Father Michael Pfleger of Chicago Removed From Ministry Over New Sexual Abuse Allegations| National Catholic Register

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As is required by archdiocesan child protection policies, the allegation was reported to the Illinois Department of Children and Family Services and law enforcement, Cardinal Cupich wrote.

Father Michael Pfleger of Chicago Removed From Ministry Over New Sexual Abuse Allegations| National Catholic Register
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Jonah McKeown/CNANationOctober 17, 2022

A well-known Chicago priest has been asked to step aside from ministry during an investigation into an allegation of sexual abuse against a minor. 

Father Michael Pfleger, senior pastor at St. Sabina parish and a well-known social activist, will live away from his parish while the allegation — which he denies — is investigated. The alleged abuse occurred more than 30 years ago, the archdiocese says. 

In an Oct. 15 letter, Cardinal Blase Cupich of Chicago said Father Pfleger has “agreed to cooperate fully” with the request to step aside from ministry following the allegation made to the Office for Child Abuse Investigations and Review. 

As is required by archdiocesan child protection policies, the allegation was reported to the Illinois Department of Children and Family Services and law enforcement, Cardinal Cupich wrote. The archdiocese has begun its investigation and “we will do our best to keep you informed,” the cardinal pledged. 

“The person making the allegation has been offered the services of our Victim Assistance Ministry and the archdiocese has begun its investigation and we will do our best to keep you informed,” Cardinal Cupich wrote.  

St. Sabina pastor Father Thulani Magwaza will serve as parish administrator in Father Pfleger’s stead, Cardinal Cupich wrote, and noted that until Magwaza returns from a visit with family in early November, Father David Jones will serve as temporary administrator.

This marks the second allegation of sexual abuse leveled against Father Pfleger in the past two years; after three men brought forward allegations in early 2021, Father Pfleger was reinstated that June after a Chicago archdiocese investigation concluded there was “insufficient reason” to suspect he was guilty of the allegations, which he had denied.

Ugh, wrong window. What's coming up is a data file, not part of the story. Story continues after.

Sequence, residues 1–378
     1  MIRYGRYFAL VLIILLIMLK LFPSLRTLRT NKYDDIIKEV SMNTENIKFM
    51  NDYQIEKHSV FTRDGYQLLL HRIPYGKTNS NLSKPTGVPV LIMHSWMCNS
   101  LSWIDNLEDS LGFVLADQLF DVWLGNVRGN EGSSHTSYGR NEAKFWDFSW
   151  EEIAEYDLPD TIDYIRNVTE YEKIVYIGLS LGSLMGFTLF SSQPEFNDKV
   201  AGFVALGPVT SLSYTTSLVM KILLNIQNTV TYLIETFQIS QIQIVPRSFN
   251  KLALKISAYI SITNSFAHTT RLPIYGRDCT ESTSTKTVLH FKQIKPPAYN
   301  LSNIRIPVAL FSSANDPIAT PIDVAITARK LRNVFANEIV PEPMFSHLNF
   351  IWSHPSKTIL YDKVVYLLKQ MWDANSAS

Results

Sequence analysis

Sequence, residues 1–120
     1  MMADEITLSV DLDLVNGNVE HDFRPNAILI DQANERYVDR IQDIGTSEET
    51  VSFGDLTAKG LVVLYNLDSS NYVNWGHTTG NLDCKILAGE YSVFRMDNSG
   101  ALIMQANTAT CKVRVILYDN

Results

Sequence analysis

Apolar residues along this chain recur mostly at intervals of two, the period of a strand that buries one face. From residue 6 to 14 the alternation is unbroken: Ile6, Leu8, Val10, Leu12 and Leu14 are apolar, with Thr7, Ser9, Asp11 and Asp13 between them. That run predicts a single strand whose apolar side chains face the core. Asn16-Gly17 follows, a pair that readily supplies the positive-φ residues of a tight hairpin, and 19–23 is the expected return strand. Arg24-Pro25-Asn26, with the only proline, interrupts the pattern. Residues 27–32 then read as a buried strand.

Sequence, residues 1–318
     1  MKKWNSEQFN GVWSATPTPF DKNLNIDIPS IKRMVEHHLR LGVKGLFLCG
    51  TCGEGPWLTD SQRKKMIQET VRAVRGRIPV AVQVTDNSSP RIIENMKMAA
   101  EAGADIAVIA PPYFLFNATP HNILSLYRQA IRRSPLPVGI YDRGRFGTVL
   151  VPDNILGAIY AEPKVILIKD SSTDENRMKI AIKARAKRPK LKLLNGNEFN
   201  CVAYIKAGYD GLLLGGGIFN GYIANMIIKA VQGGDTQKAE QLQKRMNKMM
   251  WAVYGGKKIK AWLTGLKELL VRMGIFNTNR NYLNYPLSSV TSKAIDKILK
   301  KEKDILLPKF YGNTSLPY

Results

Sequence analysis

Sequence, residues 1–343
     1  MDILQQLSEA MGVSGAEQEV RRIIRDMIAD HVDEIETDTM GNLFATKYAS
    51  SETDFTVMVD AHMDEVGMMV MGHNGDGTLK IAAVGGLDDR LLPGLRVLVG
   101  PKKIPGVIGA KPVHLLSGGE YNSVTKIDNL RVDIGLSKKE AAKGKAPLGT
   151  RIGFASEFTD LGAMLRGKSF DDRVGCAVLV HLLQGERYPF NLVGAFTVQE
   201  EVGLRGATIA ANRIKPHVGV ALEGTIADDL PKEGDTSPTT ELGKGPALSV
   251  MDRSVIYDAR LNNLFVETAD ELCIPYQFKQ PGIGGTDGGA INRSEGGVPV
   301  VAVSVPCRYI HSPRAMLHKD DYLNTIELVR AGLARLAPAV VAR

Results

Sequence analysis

In an Oct. 15 statement of his own, Father Pfleger complained that “the process of the Archdiocese today is that a priest is presumed guilty until proven innocent.” He said his status as a “high-profile,” “outspoken” and “controversial” person has engendered “jealousy, attacks, and hate.”

“Let me be clear — I am completely innocent of this accusation,” he wrote. “It seems like most of my ministry I have spent fighting to stay a priest and to continue the work of justice, and to serve the good people of St. Sabina’s and our community. I cannot express how difficult, disruptive, and painful this process is to me and those who are close to me.”

A Chicago native, Father Pfleger has spoken out against the epidemic of gun violence in the city’s South Side that has afflicted his parishioners at St. Sabina’s, a predominantly African-American parish community. Father Pfleger adopted an 8-year-old boy in 1981 and another son in 1992. In 1997 he became the foster father of another city youth who was killed in a gang shootout in 1998.

The priest’s actions have put him at the center of controversy for years. The late Cardinal Francis George of Chicago suspended Father Pfleger in 2011 after the priest threatened to leave the priesthood if Cardinal George reassigned him. The cardinal later accepted Father Pfleger’s apology and reinstated him as St. Sabina’s pastor. In 2019, Cardinal Cupich publicly denounced Father Pfleger’s decision to invite controversial Nation of Islam leader Louis Farrakhan to speak at St. Sabina.

Father Pfleger has voiced support for the ordination of women as Catholic priests, a position that the Church has held to be incompatible with the Catholic understanding of the priesthood.

Father Pfleger also attracted attention and criticism for a Dec. 2021 Christmas Eve Mass that featured jazz musicians, choreographed dances around the altar, and theatrical lighting effects. Many of those upset by the Mass said it crossed the line from worship to entertainment.

Contacted by CNA at the time, Father Pfleger declined to answer questions about the Christmas Eve liturgy.

“These are some of the same people that attack Pope Francis and Cardinal Cupich and have ignored the gift and value of Black Catholicism in the Catholic Church, so I am not responding to their attacks,” Father Pfleger said in an email.

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